Although he used the term ague, true malaria cannot necessarily be inferred because ague included any number of short-lived illnesses with chills and fever.
Sydenham also advocated that specific remedies could be applied to each such disease, his favourite example being the prescription of Peruvian bark for intermittent fever or ague .
A list of patients admitted during the hospital's first years shows that reasons for admission included hysterick disorders, bloody flux, tertian ague , and melancholy.
‘We have just moved our camp out of the cypress swamp where the men were fast succumbing to the malaria ague and fevers at an astonishing rate,’ recorded Capt. Henry Ankey, 4th Iowa Infantry.
He was elected MP for Hull in 1659 but, despite being moderately active in Parliament, was ineffective in the country party, though he continued to watch his constituents' interests until death from inappropriate treatment for an ague .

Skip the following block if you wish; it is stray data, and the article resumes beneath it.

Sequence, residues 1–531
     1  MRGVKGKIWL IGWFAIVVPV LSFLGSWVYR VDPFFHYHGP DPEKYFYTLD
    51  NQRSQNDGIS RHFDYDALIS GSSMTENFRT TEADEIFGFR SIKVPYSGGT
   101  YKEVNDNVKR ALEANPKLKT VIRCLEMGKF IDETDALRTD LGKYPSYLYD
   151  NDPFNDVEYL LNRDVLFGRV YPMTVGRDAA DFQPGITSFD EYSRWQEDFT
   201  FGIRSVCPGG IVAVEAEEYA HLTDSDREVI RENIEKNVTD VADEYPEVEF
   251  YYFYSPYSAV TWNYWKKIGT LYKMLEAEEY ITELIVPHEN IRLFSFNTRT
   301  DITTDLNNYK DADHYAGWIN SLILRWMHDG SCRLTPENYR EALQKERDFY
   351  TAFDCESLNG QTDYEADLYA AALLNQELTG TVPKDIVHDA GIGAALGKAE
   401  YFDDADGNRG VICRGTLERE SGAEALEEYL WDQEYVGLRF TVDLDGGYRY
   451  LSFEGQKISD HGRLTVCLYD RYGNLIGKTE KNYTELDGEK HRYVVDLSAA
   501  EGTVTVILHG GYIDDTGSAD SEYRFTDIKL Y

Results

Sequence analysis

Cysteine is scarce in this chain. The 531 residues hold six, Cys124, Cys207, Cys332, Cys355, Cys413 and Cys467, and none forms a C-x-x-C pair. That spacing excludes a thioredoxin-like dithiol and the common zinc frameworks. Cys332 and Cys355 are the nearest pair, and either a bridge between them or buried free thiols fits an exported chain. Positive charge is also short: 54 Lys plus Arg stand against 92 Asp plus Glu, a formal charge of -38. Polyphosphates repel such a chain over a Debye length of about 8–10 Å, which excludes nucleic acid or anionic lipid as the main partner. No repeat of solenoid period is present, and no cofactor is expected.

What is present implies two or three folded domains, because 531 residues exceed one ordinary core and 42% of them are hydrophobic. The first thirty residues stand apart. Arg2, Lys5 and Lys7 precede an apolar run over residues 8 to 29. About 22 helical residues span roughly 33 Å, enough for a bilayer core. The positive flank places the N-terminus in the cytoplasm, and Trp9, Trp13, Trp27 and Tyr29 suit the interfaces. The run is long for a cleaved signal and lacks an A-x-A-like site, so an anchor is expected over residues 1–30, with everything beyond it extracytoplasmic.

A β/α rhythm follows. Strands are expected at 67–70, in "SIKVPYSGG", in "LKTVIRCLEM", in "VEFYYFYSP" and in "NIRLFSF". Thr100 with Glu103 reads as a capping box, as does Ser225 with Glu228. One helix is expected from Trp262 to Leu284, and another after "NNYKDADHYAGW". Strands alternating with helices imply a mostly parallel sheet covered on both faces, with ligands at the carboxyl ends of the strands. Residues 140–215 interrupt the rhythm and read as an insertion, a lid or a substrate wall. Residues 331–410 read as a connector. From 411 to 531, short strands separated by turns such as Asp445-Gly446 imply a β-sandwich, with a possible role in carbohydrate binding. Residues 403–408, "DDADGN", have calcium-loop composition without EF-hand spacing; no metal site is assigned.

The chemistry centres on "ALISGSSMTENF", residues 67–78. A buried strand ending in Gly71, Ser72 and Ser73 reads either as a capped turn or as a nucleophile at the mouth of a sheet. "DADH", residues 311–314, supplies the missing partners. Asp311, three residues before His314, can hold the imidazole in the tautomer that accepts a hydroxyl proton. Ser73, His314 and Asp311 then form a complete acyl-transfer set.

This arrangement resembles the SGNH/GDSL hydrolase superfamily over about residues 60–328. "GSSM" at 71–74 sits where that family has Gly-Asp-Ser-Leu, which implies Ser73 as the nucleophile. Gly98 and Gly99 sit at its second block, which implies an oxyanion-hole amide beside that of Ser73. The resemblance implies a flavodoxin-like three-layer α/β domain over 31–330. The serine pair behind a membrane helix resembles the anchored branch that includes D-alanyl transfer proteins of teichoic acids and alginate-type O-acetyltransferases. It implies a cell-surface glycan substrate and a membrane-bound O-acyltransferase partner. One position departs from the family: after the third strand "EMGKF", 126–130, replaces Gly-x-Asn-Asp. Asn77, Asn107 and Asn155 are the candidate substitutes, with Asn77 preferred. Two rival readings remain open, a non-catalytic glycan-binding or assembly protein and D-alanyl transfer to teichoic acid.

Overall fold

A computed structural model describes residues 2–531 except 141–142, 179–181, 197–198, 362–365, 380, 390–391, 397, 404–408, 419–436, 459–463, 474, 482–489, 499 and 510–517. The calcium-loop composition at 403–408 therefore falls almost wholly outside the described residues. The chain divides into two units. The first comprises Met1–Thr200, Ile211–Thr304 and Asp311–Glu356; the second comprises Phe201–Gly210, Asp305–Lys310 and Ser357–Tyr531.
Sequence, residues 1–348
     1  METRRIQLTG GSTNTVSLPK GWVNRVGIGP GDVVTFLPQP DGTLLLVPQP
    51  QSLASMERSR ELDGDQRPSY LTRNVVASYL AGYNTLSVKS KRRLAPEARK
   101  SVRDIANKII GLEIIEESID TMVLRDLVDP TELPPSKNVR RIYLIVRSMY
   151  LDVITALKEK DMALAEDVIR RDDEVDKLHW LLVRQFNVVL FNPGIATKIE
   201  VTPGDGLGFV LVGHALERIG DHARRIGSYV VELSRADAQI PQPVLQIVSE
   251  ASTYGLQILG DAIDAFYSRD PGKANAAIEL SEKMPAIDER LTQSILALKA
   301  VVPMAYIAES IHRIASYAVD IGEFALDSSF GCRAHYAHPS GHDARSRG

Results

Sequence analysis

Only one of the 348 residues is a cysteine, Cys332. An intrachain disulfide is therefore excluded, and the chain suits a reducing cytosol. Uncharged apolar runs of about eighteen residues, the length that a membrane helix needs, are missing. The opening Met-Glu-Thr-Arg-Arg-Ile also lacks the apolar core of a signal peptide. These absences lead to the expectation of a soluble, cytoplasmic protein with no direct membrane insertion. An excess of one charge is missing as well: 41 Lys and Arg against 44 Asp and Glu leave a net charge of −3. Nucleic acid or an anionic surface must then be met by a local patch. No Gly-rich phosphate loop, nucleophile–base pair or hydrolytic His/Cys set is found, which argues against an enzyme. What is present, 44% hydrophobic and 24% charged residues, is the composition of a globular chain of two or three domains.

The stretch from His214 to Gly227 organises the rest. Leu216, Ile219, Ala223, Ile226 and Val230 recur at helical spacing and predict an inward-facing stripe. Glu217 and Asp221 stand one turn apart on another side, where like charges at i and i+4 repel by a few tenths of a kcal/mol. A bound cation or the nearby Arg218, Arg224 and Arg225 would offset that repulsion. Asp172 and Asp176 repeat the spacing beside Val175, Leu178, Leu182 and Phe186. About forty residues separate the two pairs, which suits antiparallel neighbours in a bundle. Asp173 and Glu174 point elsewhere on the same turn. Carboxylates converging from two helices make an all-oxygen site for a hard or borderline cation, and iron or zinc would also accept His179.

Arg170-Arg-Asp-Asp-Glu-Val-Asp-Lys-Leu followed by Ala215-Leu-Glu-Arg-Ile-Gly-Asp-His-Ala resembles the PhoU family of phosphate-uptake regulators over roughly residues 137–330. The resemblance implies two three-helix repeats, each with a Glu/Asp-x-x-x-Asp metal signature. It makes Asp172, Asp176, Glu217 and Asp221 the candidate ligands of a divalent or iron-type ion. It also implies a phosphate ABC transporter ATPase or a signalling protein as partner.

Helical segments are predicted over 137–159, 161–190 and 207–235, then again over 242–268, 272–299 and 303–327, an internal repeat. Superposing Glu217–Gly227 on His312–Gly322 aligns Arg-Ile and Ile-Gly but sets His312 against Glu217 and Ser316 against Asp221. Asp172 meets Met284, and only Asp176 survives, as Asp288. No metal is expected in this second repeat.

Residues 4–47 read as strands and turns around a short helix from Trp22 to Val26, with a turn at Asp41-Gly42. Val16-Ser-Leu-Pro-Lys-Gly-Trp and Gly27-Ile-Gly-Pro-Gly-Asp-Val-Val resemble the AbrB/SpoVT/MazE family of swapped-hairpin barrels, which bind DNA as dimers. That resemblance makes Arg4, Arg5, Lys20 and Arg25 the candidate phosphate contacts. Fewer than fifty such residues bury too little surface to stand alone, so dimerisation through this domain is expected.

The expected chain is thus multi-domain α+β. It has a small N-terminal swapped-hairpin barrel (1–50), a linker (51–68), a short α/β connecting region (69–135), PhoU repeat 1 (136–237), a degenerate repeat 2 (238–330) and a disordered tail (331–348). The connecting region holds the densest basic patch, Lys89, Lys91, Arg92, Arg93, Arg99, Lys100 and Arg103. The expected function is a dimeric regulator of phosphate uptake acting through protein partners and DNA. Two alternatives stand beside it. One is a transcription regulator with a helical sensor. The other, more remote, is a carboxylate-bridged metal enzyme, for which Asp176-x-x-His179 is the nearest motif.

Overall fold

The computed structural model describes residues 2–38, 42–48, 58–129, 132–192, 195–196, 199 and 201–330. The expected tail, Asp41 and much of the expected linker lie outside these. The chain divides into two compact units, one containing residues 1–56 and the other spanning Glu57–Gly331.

There was plague, too, ague (probably a malarial infection), and various fevers.
It is good in all agues , for which it is given in decoction, or infusion, in water, ale, wine, or in the juice only; but its infusion in wine or ale (if disease will allow of malt liquors) is an easy, and as good a preparation as any.
I am now at Wilbye & am in great distresse through feare of beinge sick for I feele myselfe very aguish & feverish & know not what.
"I heard to my surprise the other day from Swan, whose son, it seems, was doing some work at Melcombe this spring (making a greenhouse, I think), that Mrs. Melcombe wintered at Mentone, partly on her boy's account, for he had a feverish or aguish illness at Venice, and she was advised not to bring him to England."
The seaboard of Capernaum in which Peter dwelt is said by travelers to be a peculiarly damp, marshy, aguish , feverish place.